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The Canadian dollar, Australian dollar, British pound, and US dollar will all face fairly heavy event risk during the coming week as the Bank of Canada will announce their latest rate decision, Australian inflation data will hit the wires, UK GDP results could reflect the worst economic contraction in almost 30 years, and US durable goods orders may tumble.

  • Bank of Canada Rate Decision - April 21
    The Canadian dollar could see a pickup in volatility on Tuesday at 9:00 ET as the Bank of Canada is expected to leave rates unchanged at 0.50 percent, according to a Bloomberg News poll of economists. However, as of Friday, Credit Suisse overnight index swaps were pricing in a 50 percent chance of a 25 basis point reduction to 0.25 percent. As it stands, economic conditions continued to deteriorate throughout Q1, as Ivey PMI has held below 50 for the fifth straight month in March, signaling a contraction in business activity, while the unemployment rate climbed to a seven-year high of 8.0 percent. That said, the Canadian dollar's reaction may hinge more upon the policy bias contained within the Bank's concurrent press release. Any indications that they may leave rates unchanged at their next meeting in order to await more data could send the Canadian dollar spiraling higher, while remarks suggesting that they are open to cutting rates later in the year or pursuing quantitative easing could send the currency lower.
  • Australian Consumer Prices (1Q) - April 21
    Australia's headline consumer price index is forecasted to have risen 0.5 percent during Q1, bringing the annual rate down to a more than one-year low of 2.8 percent from 3.7 percent. However, after the Reserve Bank of Australia surprisingly cut their cash rate target by 25 basis points to 3.00 percent, RBA Governor Glenn Stevens said that inflation over the medium term is likely to be lower than it has been over the past two years, suggesting these Q1 results could actually reflect a much more significant slowdown in price growth. That said, Stevens' policy statement also indicated that the RBA may leave rates unchanged going forward as the current stance of monetary policy, together with the substantial fiscal initiatives, will provide significant support to domestic demand over the period ahead. All told, if we start to see consumer price growth fall below the RBA's 2 - 3 percent target range, the news could weigh on the Australian dollar. However, if inflation pressures prove to be stronger than anticipated, the currency could actually rise.
  • Canadian Retail Sales (FEB) - April 23
    The release of Canadian retail sales could prove to be disappointing, as spending is anticipated to have fallen during February at a rate of 0.3 percent. Indeed, with unemployment rates rising and business activity slowing, continued declines in retail sales are almost sure to come. If the indicator falls in line with or more than expectations, the Canadian dollar could pull back further, especially if the Bank of Canada suggests on April 21 that they may be open to making monetary policy more accommodative. However, if retail sales actually rise, the Canadian dollar could surge in response.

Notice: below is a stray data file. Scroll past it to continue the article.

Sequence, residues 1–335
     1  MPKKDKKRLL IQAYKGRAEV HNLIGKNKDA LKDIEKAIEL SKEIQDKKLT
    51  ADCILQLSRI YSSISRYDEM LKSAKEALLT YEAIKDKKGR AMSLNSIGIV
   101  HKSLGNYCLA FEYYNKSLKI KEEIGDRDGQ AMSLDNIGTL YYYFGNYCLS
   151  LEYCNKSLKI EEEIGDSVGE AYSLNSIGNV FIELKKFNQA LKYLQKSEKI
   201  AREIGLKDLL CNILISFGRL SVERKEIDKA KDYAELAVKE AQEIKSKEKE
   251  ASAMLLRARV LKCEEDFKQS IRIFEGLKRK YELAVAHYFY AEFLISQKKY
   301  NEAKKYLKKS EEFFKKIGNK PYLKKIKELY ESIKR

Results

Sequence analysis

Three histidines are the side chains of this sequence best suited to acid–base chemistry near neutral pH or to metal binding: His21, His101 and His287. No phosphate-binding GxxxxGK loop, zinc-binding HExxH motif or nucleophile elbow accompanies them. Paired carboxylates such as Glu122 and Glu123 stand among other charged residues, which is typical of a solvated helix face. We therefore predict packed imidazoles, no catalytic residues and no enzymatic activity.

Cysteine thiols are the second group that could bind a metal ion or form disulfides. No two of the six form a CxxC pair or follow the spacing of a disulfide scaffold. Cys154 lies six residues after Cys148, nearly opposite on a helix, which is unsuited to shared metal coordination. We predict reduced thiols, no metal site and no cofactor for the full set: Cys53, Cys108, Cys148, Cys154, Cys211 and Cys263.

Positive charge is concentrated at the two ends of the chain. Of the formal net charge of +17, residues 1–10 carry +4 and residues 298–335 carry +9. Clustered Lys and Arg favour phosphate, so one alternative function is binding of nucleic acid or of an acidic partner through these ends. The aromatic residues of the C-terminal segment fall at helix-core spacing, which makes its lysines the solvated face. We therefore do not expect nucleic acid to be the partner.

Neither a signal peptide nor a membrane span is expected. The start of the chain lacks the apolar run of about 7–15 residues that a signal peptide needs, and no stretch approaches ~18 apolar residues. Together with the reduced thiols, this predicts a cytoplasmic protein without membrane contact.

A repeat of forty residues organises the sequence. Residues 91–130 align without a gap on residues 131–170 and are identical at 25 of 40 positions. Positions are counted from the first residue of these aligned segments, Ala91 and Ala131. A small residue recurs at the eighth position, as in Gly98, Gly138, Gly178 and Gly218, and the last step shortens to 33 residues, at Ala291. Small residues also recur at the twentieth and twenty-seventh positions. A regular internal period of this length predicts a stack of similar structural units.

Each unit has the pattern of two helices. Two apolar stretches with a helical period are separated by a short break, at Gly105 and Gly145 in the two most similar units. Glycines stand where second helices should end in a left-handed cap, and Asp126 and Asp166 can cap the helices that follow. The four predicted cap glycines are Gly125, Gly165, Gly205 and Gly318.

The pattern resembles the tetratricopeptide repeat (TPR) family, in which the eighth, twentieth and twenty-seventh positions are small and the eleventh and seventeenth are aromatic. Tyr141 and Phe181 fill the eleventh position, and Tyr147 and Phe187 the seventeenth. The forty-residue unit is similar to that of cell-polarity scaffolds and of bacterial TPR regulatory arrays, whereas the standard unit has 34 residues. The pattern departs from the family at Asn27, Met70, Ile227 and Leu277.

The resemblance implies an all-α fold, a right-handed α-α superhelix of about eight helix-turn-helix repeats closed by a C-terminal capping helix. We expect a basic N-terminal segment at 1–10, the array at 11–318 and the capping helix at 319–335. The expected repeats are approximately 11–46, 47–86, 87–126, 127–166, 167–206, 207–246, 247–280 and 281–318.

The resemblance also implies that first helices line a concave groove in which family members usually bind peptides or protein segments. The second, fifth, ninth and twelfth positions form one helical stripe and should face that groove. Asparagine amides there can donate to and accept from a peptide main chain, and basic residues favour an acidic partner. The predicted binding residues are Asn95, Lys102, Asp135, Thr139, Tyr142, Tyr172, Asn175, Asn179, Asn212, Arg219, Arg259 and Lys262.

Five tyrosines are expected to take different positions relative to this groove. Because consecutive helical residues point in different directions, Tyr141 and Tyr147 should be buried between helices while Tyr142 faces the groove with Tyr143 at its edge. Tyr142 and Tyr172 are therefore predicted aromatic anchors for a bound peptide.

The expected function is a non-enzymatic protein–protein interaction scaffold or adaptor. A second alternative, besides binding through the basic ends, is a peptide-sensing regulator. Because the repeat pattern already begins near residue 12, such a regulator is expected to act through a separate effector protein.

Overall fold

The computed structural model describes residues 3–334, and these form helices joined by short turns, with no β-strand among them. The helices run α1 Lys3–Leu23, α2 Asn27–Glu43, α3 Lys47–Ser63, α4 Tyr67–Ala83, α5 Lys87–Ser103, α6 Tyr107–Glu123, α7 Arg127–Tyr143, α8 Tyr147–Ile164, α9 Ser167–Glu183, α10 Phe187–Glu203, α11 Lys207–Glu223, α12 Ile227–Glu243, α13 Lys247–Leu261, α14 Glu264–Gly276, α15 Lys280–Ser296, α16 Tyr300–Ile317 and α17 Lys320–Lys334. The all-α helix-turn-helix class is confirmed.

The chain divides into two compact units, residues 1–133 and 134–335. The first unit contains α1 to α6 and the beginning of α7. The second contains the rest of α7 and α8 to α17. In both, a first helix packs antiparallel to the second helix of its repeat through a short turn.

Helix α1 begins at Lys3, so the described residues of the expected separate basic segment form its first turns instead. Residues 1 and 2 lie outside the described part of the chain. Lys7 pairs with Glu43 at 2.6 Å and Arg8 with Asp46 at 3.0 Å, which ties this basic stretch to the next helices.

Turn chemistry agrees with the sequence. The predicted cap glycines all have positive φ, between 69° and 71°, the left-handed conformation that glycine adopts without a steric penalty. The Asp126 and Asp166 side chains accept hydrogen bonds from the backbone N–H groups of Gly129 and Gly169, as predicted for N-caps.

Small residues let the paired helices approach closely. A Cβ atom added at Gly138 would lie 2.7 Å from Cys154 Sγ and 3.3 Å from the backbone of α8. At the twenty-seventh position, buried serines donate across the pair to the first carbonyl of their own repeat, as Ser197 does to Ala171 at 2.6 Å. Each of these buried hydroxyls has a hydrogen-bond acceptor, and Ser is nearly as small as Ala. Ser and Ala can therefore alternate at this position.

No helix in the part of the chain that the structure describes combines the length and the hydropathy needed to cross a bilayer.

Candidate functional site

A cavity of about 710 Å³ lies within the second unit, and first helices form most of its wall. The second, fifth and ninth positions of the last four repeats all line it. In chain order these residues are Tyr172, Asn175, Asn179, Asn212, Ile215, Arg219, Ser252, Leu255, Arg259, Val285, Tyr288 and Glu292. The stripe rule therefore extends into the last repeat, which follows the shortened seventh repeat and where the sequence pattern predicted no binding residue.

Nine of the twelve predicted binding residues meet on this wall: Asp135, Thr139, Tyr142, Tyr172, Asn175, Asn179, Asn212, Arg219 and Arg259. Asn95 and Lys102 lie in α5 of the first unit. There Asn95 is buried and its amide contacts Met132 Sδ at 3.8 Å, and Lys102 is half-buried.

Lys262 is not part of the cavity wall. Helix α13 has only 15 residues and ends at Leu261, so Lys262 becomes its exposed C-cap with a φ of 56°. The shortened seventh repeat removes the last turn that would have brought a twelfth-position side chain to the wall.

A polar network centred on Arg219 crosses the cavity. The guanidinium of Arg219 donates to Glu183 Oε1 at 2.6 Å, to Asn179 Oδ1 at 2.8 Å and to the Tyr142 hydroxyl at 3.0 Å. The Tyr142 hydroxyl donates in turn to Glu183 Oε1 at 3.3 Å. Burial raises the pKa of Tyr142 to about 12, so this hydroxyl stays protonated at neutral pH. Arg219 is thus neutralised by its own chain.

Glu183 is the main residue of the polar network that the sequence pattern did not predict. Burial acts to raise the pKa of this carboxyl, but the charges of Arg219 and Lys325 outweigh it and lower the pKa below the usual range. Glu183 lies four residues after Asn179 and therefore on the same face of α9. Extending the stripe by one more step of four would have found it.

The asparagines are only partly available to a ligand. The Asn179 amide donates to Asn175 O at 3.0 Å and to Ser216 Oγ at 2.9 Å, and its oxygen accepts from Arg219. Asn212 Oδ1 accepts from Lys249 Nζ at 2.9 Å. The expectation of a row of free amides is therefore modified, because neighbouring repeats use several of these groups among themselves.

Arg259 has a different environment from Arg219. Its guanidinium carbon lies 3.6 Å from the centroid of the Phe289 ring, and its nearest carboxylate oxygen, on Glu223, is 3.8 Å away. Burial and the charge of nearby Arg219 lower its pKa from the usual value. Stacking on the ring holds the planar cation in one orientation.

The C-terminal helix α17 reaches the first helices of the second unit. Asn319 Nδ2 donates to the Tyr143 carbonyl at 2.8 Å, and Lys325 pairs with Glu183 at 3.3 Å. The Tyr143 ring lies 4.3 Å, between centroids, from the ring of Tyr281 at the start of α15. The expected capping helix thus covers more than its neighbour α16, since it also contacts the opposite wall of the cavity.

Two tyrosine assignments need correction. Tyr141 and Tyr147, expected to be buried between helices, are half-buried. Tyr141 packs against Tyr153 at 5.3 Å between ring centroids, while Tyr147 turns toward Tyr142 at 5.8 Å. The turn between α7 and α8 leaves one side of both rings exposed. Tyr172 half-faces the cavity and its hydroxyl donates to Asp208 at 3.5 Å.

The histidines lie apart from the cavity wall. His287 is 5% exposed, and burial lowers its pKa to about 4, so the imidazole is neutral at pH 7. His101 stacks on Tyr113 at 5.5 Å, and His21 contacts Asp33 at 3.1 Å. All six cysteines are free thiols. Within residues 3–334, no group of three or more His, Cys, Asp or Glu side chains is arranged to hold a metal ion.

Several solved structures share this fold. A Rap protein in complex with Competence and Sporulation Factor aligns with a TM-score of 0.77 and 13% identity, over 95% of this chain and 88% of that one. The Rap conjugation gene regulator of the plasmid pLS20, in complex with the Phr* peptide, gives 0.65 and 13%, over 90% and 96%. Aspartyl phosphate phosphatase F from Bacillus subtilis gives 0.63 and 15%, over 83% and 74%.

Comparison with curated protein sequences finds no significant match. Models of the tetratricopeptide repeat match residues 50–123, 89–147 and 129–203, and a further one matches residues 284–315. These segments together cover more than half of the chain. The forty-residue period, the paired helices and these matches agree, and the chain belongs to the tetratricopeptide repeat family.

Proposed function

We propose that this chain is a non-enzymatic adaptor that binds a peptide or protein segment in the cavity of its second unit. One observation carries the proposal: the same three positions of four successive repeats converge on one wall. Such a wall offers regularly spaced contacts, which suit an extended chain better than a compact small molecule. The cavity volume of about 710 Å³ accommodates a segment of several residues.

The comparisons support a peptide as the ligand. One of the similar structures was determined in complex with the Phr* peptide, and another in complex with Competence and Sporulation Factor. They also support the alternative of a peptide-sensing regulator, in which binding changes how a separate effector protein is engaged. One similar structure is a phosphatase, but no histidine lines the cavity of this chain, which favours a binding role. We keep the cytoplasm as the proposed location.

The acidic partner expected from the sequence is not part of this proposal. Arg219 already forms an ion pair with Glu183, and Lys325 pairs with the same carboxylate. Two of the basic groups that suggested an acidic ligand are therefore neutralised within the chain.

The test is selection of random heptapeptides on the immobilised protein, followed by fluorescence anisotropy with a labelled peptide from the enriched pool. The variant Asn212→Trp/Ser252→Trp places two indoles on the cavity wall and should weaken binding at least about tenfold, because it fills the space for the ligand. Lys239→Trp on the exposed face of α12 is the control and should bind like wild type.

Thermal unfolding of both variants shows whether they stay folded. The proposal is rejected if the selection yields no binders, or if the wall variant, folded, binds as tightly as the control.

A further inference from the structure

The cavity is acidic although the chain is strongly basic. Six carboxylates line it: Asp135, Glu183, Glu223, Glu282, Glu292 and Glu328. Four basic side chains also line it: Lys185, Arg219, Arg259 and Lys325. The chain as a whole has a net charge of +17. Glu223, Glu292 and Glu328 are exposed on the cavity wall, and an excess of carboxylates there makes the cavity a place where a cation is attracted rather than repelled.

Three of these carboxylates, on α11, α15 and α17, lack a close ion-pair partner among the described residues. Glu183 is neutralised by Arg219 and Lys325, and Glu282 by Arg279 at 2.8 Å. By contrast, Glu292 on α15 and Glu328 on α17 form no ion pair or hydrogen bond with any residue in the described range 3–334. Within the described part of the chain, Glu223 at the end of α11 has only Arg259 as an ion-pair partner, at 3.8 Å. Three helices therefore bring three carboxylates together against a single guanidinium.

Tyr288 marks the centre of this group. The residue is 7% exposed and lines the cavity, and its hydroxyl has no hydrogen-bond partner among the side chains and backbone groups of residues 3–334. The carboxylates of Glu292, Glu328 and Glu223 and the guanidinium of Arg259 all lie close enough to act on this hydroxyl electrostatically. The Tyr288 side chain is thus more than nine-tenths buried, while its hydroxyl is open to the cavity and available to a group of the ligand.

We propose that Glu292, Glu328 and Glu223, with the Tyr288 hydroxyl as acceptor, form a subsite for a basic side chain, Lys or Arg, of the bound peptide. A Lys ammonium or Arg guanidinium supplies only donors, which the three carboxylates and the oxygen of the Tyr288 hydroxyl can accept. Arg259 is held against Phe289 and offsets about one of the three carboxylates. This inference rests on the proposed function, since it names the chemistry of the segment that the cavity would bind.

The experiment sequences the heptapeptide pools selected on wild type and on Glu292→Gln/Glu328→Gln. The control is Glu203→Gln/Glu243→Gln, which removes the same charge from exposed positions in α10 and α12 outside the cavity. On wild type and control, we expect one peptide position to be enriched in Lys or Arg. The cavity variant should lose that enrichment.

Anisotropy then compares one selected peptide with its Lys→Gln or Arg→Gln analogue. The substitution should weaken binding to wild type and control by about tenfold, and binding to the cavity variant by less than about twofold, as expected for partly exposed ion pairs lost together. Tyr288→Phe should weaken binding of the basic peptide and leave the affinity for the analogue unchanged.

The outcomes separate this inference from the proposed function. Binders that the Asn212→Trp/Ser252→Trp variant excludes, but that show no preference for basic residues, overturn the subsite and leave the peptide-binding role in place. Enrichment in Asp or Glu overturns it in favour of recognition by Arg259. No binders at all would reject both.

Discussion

• UK Gross Domestic Product (1Q A) - April 24
    The 04:30 ET advanced reading of Q1 GDP for the UK is forecasted to contract for the third straight quarter at a rate of -1.5 percent, the worst drop in nearly 29 years, which could drag the year-over-year rate down to match the Q1 1981 low of -3.8 percent The UK has been hit particularly hard by the credit crunch, especially since the country became one of the biggest financial centers in the world. This has translated into a full-on collapse of the housing market, climbing job losses, and weak consumption. Furthermore, with growth slowing around the world, demand for British exports has declined as well, putting a large burden on manufacturers. Overall, a greater-than-expected decline could lead the British pound lower as the data would raise the odds that the Bank of England will expand their quantitative easing efforts. On the other hand, if GDP is a bit better than forecasts, the currency could surge.
  • US Durable Goods Orders (FEB) - March 25
    Signs that domestic demand is showing no sign of recovery should continue to emerge as US Durable Goods Orders are forecasted to have dropped 1.5 percent in March and even excluding transportation is anticipated to fall 1.2 percent. All told, this would mark a return to disappointing results after the index surprisingly rose 3.5 percent in February, and while this will have the most impact on forex trading, the markets should keep an eye on non-defense capital goods orders excluding aircraft, as this number serves as a leading indicator for business investment. The 3-month annualized figure has fallen sharply over the past few months, and combined with the weak outlook for the headline reading, the news could weigh on risk appetite and subsequently provide a boost to the US dollar, thanks to increased flight-to-quality.

See the DailyFX Calendar for a full list, timetable, and consensus forecasts for upcoming economic indicators.
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